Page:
Facebook Page

Heber Valley Railroad 5/4/2019

by Chris Guenzler

I awoke early in Park City and after I took my pills, I finished yesterday's story. I then got dressed then decided to hike the Union Pacific Hiking and Bike trail. No! I don't count this as rail miles! I had a nice walk and the pictures are below.

Pictures from my hike this beautiful Park City morning. I returned to the room and wrote this before we left and headed over to Heber City for breakfast at McDonald's then we drove over to the railroad.

Heber Valley Railroad

The Heber Valley Railroad is a heritage railroad based in Heber City, Utah. It operates passenger excursion trains along a line between Heber City and Vivian Park, which is located in Provo Canyon. The HVRX carries over 94,000 passengers a year.

The railroad line is approximately 16 miles long. A typical round trip ride on the train takes about 3 hours. There are a total of four passing sidings outside of the Heber yard limit.

Notable landmarks seen from the train include Mount Timpanogos, Cascade Mountain, Deer Creek Dam and Reservoir, Provo River, Sundance Ski Resort, Tate Barn, and Soldier Hollow. A variety of wildlife including deer, eagles, fox, moose, turkeys, hawks, mountain lions (cougars), and beavers, have all been seen from the train as well.


The Heber Valley Railroad has two 1907 Baldwin 2-8-0 Consolidation-type steam locomotives: former Union Pacific No. 618 and ex-Great Western No. 75, although they are both out of service pending completion of their 1,472 day inspections and service. Also on display is former Columbia Steel Company 0-6-0 No. 300 built by Baldwin in the 1920s.

The HVRX is home to four EMD diesel-electric locomotives: Ex-Union Pacific EMD NW2 No. 1011, Ex-Union Pacific EMD NW2 No. 1043, Ex-Union Pacific EMD GP-9 No. 296, and Ex-USATC EMD MRS-1 No. 1813. As well as Ex-United States Army Transportation Corps Baldwin (rebuilt with a Caterpillar prime mover) RS4TC-1 number 4028. It also has a former United States Army Davenport 44-ton diesel-electric locomotive No. 1218, which is very similar to a GE 44-ton switcher. Recently in 2018, the railroad purchased 3 GP9's which are numbers 52, 72, and 77 from New England's Pan Am Railway. With the arrival of the GP9s, the Heber Valley's former U.S. Army MRS-1 will be retired.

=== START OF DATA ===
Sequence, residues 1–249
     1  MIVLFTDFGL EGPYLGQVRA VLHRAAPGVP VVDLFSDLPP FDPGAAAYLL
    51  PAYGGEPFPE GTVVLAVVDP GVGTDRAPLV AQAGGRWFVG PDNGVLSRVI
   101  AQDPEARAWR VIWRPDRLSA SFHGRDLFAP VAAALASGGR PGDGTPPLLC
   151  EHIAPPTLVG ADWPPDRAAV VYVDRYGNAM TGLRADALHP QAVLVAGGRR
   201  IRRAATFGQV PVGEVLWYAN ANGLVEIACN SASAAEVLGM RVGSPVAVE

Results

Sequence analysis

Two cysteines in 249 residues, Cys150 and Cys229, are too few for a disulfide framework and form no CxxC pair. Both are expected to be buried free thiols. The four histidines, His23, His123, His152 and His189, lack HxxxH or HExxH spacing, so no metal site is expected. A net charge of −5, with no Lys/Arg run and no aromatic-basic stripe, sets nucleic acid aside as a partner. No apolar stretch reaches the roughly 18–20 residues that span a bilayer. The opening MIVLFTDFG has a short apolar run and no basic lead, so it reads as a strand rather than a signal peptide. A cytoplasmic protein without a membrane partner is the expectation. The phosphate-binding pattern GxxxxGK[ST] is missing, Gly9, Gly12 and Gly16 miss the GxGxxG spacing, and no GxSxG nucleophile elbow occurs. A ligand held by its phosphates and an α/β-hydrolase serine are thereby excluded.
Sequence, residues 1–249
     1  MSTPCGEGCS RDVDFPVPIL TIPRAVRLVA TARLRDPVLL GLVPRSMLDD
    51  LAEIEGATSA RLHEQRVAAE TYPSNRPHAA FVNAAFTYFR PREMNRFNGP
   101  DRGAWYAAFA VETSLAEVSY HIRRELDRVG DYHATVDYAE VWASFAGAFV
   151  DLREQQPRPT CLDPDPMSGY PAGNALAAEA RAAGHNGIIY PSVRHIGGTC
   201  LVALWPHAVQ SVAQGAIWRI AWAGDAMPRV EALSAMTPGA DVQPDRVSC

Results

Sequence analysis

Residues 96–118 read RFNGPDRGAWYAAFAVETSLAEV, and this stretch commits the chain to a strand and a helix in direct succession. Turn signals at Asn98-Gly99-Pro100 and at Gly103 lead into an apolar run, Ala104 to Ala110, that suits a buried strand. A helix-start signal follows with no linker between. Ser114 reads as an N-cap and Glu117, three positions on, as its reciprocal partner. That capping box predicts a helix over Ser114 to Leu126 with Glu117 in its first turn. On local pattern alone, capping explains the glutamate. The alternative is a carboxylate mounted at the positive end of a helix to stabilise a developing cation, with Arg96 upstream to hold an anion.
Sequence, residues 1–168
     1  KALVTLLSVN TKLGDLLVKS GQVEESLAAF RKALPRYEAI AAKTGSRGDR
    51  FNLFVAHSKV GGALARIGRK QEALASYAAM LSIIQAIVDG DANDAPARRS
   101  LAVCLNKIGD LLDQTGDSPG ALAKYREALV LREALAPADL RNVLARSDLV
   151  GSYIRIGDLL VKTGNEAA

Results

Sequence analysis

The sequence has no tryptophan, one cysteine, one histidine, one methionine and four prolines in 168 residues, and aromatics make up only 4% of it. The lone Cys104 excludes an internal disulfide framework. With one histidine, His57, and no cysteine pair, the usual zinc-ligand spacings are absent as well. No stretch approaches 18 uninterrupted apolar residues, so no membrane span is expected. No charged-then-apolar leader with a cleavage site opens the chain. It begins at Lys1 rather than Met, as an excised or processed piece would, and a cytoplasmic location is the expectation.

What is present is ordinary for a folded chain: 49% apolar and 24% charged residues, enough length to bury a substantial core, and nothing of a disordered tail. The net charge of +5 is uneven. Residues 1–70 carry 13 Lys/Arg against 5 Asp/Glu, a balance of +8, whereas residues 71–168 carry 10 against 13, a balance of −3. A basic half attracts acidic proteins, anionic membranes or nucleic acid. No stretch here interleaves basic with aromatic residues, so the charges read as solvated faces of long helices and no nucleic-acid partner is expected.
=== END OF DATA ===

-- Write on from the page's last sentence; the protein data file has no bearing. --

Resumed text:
The line operated by the HVRX was formerly part of a Denver and Rio Grande Western Railroad branch line that connected Heber City to Provo, Utah. The branch line was completed in 1899 and operated freight (and passenger) service until the line's abandonment in 1967.

The line was saved for tourist use and was reopened in 1970 when No. 618 and other equipment was brought up the line from Provo. The track between Provo and Vivian Park was later removed and converted into a recreational trail. During the 1970s and 1980s the railroad operated as the "Heber Creeper". In the late 1980s this railroad went out of business.

Citizens in the Heber area successfully petitioned the State of Utah to help save the railroad, leading to creation of the Heber Valley Historic Railroad Authority in the early 1990s. Since this time the railroad has seen considerable growth. The railroad operates as a non-profit 50 organization.

During the 2002 Winter Olympics the railroad was part of the Olympic Steam Team, carrying spectators to the Soldier Hollow Olympic venue. The railroad's No. 618 and 75 steam-engines, were joined by the Nevada Northern Railway Museum's No. 93 steam-engine, in pulling eight-car trains full of passengers, to the Soldier Hollow depot where they disembarked and continued to the venue entrance on a horse-drawn sleigh. The day prior to the Opening Ceremony of the games, all three locomotives were combined into one triple-headed train, and used to transport the Olympic flame from Soldier Hollow to Heber City as part of the torch relay.

Current operation

The railroad's main depot is located in Heber City. Other passenger terminals are located at Soldier Hollow (near Midway, Utah) and Vivian Park. The railroad operates year-round, and features special event and evening train rides. Among its named trains are the Provo Canyon Limited, a three-hour round trip excursion to Vivian Park and the shorter Deer Creek Express to Deer Creek Reservoir. The railroad can be seen from various points along U.S. Highway 189 between Heber City and Vivian Park and the whistle can be heard throughout the valley.

Locomotive No. 618 was used in the 2006 film, Outlaw Trail: The Treasure of Butch Cassidy. The locomotive, 100 years old as of July, 2007, ran from 2008-2010 in limited capacity and was then taken out of service for a major overhaul and restoration, as required to meet Federal Railroad Administration safety standards. The non-profit railroad raised the $750,000 required for the project and the 618 engine will not be retired. The rebuild should give the engine another 30 years of service. As of July 2018 No. 618 is out of service while a 1,472-day inspection and rebuild is completed. Locomotive 75 has been under restoration since 2003 (15 years as of 2018).